Motorcycle Tires Buying Guide

Is it time to buy new motorcycle tires? How do you even know when you need new tires? Unless you’re a pro racer who gets a fresh set of tires after every single race, you need to be aware of when it’s time to swap out your tires, and what you’re looking for in a new set of tires.

Many riders ignore the signals that their bike needs new tires. This is dangerous because the tires are the most important piece of equipment on your motorcycle, and the only thing standing between you and the asphalt (or track, or mud), so you want quality, and you want safety.

When is it Time for New Motorcycle Tires?

If you pay attention to the signals, you’ll be able to tell when it’s time for new tires. If the back end of your bike feels a little looser than normal, or something just doesn’t feel quite right, your first step is to check tread depth. Especially when riding in wet conditions, proper tread depth on your motorcycle tires is going to make the difference between a safe ride and a dangerous situation. You can visually inspect your tires to see if the tread is worn down to the built-in wear bars. If this is the case, there is only 1/32 inches of tread remaining, and your tires need to be replaced. Another easy way to test tread depth is to insert a penny into a groove in the center of your tire. You’re looking for 2/32 of an inch in tread depth, which is the distance from the edge of the penny to the top of Lincoln’s head. If your tread depth is less than that, it’s time to go tire shopping.

What Type of Tires to Choose?

First, determine the size of tires you have on your bike. The owner’s manual should specify the tire size, whether they are radial or bias construction, tube-type or tubeless, the load range, and speed index. Did you know you can also find out most of this information by looking on the tire itself? The diagrams below will explain more.

How to read a tire

Motorcycle tire sidewall

Size Types

Motorcycle tire sizing
Source: Avon Tires

Motorcycle Speed Ratings

Speed Symbol Max Speed Speed Symbol Max Speed Speed Symbol Max Speed
J 62 mph K 68 mph L 75 mph
M 81 mph N 87 mph P 93 mph
Q 99 mph R 106 mph S 112 mph
T 118 mph U 124 mph H 130 mph
V 149 mph W 168 mph Y 186 mph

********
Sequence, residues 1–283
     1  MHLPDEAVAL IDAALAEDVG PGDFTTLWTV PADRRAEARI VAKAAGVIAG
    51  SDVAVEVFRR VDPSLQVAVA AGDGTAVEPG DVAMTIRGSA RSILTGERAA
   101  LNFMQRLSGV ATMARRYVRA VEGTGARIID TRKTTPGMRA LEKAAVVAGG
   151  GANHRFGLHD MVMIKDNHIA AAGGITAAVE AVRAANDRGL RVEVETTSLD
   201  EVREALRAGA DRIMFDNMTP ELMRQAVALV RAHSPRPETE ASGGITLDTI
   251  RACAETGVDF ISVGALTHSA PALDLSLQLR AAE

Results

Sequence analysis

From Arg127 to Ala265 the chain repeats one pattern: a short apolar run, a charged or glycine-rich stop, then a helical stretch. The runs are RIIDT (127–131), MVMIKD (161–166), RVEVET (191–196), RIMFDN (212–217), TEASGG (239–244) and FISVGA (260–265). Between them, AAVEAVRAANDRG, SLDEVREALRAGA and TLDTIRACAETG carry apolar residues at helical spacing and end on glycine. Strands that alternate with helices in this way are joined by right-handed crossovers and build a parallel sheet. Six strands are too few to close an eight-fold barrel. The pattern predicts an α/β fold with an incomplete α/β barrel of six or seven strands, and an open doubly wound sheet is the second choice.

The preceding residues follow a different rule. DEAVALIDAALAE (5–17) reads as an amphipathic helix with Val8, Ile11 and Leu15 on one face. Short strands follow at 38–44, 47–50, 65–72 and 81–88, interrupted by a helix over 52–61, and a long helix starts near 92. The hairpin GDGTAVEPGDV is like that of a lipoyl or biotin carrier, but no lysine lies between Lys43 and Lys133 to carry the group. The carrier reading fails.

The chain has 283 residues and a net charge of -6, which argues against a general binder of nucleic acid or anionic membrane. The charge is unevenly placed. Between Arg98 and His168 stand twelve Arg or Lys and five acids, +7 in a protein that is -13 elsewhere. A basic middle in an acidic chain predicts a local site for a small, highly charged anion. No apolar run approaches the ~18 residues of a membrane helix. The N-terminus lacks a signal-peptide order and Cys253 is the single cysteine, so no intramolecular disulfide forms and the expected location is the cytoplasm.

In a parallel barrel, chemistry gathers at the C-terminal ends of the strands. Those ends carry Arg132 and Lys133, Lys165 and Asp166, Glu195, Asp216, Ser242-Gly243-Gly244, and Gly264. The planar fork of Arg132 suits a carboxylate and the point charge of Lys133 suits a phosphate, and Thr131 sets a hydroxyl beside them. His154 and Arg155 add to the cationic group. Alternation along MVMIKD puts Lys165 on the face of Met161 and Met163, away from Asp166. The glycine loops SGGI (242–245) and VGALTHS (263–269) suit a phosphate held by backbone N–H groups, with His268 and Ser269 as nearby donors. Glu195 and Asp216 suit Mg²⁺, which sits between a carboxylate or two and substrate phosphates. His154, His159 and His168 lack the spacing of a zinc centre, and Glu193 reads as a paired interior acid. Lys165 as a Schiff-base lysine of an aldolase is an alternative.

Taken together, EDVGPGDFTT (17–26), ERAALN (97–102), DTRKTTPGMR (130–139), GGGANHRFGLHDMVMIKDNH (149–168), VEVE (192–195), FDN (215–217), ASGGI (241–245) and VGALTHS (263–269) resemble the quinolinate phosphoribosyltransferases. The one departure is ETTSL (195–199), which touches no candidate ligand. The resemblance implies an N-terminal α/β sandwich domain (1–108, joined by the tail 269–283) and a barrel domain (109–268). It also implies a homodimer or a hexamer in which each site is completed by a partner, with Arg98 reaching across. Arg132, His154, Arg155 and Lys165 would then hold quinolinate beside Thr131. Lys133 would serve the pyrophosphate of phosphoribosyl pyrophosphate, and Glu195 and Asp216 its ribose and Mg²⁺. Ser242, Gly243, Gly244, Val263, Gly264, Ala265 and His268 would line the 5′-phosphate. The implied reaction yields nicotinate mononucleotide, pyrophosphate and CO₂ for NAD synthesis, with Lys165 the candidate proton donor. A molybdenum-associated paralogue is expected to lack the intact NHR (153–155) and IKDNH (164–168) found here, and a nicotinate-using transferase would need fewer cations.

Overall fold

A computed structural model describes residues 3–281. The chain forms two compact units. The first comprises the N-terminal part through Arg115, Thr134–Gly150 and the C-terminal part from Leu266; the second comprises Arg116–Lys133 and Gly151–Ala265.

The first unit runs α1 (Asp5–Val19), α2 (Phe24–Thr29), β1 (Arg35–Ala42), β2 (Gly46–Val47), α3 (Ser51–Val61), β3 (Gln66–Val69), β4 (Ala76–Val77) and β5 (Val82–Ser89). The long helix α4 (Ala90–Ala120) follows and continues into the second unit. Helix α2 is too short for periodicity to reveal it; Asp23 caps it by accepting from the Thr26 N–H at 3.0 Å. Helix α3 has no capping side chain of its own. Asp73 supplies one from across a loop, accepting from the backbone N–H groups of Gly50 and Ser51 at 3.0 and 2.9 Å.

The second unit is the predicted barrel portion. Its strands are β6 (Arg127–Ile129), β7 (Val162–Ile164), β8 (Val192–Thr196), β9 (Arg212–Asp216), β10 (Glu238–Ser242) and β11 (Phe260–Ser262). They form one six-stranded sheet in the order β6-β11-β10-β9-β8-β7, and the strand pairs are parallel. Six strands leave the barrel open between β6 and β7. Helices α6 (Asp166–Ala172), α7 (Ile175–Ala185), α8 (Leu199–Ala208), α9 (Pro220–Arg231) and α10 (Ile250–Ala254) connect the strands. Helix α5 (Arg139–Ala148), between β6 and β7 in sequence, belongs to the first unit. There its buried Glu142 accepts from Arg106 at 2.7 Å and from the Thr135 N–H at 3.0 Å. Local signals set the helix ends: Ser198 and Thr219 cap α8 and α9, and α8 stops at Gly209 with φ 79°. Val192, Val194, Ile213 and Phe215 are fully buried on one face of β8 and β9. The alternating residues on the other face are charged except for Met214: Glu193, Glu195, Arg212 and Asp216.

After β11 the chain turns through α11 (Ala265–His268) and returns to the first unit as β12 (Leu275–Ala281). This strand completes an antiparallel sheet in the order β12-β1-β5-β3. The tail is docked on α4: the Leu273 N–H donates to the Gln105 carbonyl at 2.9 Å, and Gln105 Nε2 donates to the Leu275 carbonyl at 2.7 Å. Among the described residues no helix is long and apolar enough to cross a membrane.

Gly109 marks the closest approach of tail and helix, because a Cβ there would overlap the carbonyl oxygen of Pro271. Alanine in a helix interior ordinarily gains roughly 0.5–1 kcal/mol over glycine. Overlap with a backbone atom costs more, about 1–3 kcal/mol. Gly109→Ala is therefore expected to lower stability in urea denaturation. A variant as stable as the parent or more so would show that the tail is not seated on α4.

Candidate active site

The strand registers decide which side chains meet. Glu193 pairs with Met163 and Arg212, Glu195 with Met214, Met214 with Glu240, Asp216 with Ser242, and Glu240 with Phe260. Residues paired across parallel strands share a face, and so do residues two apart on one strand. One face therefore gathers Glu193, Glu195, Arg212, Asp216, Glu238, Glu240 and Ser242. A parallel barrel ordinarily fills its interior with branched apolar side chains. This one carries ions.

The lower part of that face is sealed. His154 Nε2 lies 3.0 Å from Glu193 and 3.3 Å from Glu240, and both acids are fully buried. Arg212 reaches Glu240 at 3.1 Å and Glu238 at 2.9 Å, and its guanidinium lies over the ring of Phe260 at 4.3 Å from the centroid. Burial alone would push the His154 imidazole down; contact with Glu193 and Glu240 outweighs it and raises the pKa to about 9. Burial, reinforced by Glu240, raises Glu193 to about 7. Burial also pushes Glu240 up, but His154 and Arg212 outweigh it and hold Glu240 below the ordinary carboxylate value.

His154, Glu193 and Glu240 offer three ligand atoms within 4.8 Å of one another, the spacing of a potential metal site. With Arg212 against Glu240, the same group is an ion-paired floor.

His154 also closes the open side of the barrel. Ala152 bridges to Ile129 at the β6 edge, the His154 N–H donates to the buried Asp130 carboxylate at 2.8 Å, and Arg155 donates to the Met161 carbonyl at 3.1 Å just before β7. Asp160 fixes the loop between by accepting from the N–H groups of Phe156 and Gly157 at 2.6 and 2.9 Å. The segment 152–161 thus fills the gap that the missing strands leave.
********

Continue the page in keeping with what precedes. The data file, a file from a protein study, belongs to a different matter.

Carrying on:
Load Indexes (L.I.)

L.I. lbs.
33 254
34 260
36 276
37 282
38 291
39 300
40 309
41 320
42 331
43 342
44 353
45 364
46 375
47 386
48 397
L.I. lbs.
49 408
50 419
52 441
53 454
54 467
55 481
56 494
57 507
58 520
59 536
60 551
61 567
62 584
63 600
64 617
L.I. lbs.
65 639
66 661
68 694
69 716
70 739
71 761
72 783
73 805
74 827
75 853
76 882
77 908
78 937
79 963
80 992
Source: Maxxis.com

After you’ve determined the size of your tires, you’ll want to figure out what type of rider you are. OEM tires are designed to perform in the normal, safe way that you’re used to with the factory tires on your bike. If you need specialized tires, keep these tips in mind:

Street tires have a wider profile, allowing for more contact with the road. All street-legal (DOT-Approved) motorcycle tires are speed rated for any posted speed limit nationwide. For a popular street tire, check out the Dunlop Sportmax Q2 or the Avon VPT Xtreme Super Sport.

If you’re interested in a racing tire, these have more of a triangular profile, for enhanced cornering capabilities. For great racing tires, check out the Pirelli Diablo Supercorsa SC or the Michelin Power One 2CT.

Off-road tires are obviously going to have a much more aggressive tread, meaning you’ll want to keep them at a higher tread depth than 1/32 inch. For off-roading, try a Cheng Shin C755.

Check out our store for OEM replacement tires, racing tires, off-road tires, and more from top brands like Avon, Maxxis, and Dunlop. If you need our expert advice in choosing your new motorcycle tires, give us a call at 888-326-7801 and we’d be happy to assist you.

 

 
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